Lotte with Ima

The ever resourceful Imran pulls out a blog post which sums up my thinking and worry about not owning your own domain

I was asked by an aspiring writer whether at this point it’s still worth it as a writer to own one’s own domain, i.e., in the age of everyone being on Facebook, setting up one’s online shingle elsewhere is like opening a business on a dusty street a mile away from Main Street.

My thought on this: Hey, remember when everyone was on America Online? And then everyone was on Friendster? And then everyone was on MySpace? And now everyone’s on Facebook? Yeah, you’ll notice a pattern here, perhaps.

Yes, but Facebook is huge, you say, with unspeakably large numbers of users worldwide and a valuation of $70 billion.

Wow, I say, just like America Online was huge, with an unspeakably large number of users online and a valuation of over $100 billion.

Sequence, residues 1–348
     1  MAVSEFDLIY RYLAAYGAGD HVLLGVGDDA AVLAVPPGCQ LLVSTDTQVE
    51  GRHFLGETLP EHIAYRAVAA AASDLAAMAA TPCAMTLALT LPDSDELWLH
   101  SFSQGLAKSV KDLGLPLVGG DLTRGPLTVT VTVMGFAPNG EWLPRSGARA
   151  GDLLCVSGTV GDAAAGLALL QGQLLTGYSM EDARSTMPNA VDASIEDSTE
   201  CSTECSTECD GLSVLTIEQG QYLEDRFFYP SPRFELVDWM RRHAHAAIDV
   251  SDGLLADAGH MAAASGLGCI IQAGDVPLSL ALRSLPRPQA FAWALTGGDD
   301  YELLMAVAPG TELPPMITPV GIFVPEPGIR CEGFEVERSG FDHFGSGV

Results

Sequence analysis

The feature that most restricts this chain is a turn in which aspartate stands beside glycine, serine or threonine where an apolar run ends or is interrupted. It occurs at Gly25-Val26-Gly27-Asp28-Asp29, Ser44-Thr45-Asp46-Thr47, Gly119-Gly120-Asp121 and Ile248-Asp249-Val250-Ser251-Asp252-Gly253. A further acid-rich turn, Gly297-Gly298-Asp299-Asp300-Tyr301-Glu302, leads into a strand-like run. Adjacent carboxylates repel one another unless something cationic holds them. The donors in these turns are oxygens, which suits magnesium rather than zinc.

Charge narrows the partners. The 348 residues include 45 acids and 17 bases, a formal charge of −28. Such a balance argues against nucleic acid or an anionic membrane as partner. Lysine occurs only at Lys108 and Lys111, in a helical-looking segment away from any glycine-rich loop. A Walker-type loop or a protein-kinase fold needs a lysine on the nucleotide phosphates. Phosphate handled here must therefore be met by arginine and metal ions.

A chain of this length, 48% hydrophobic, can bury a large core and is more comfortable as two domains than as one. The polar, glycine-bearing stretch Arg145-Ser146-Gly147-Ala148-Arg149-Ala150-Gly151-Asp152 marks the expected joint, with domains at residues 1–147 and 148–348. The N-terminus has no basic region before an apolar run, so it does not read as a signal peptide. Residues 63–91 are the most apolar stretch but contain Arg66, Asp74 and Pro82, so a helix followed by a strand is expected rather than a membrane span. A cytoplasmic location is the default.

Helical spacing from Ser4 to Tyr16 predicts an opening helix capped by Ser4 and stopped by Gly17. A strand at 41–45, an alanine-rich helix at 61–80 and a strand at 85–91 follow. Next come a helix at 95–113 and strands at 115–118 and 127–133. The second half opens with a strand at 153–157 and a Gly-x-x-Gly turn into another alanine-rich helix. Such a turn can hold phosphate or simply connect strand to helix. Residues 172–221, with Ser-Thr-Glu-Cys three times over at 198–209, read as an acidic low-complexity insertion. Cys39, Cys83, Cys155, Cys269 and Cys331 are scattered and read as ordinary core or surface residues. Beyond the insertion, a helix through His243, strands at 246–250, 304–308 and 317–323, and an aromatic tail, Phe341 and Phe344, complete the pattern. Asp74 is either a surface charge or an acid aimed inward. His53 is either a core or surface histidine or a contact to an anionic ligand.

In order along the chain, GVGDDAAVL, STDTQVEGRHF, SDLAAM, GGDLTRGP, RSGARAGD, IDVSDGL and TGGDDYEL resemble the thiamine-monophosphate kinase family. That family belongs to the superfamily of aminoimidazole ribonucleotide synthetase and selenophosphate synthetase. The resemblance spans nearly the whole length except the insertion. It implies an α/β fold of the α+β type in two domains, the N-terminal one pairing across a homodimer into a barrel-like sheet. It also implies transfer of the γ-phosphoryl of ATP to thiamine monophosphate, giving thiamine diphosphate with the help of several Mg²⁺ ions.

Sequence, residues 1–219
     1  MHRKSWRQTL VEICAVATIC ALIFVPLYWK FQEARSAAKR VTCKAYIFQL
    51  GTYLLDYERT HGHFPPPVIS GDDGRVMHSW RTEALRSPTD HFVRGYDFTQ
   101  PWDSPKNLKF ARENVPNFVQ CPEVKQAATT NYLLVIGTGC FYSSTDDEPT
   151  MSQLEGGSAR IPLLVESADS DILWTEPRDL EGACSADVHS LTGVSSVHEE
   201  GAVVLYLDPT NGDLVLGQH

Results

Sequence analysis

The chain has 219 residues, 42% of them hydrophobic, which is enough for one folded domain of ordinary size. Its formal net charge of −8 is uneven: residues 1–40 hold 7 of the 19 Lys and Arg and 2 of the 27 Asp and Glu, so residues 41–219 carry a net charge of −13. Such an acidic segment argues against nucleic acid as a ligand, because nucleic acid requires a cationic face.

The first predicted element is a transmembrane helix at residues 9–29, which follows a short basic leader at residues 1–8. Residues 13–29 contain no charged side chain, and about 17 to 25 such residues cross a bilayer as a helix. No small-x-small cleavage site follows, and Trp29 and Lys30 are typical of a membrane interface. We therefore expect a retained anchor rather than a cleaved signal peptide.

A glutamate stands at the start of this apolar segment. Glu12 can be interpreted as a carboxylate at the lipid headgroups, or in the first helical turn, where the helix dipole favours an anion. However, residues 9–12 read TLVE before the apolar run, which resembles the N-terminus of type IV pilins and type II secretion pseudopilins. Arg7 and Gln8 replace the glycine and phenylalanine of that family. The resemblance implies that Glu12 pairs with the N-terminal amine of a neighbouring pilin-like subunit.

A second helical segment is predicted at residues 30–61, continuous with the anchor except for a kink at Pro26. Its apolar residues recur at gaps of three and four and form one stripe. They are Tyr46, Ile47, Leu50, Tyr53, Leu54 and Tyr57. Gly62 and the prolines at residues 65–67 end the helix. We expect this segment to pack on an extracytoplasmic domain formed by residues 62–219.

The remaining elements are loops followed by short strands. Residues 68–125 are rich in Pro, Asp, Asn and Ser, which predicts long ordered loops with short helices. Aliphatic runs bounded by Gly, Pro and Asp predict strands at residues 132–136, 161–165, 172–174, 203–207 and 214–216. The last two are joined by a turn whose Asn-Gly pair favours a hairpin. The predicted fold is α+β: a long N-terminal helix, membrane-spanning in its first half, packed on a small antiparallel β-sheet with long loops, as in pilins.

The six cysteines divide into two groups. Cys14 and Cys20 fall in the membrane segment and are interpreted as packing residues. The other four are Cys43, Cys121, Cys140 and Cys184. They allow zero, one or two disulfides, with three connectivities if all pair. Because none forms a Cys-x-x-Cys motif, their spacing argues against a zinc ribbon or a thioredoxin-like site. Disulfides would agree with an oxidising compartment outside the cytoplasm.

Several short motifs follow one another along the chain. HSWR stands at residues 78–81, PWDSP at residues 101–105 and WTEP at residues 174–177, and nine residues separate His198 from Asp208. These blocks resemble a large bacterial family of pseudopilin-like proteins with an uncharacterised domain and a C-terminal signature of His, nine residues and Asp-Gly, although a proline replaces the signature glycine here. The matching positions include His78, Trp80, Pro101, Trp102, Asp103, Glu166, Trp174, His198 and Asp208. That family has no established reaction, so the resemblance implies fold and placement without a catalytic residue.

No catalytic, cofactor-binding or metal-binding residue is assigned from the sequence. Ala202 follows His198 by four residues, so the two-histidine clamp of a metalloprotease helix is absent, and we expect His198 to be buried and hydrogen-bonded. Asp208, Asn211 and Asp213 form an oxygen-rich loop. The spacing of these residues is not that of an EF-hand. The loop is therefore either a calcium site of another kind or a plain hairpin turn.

Yes, but everyone knows that AOL was wildly over-valuated, you say.

Really, I say. And then I let that just hang there as long as it needs to until you get my point.

There’s a huge benefit to having everything in the cloud (per-say) but I feel ownership and licencing is so important and will become a huge issue in the near future. As the author wrote, there has been many services promising a space which you can as such own but none of them have lasted the test of time. Why? Maybe because the companys content strategy doesn’t match our long term goals of ownership.

Some will say, but your just an old fart and holding on to a world where ownership is important. Of course I would say nahh… its more than that, ownership is fundamental to the human condition. If you feel you have no ownership, you feel like a kid and more likely to vandalize someone elses stuff. I mean what difference does it make to you?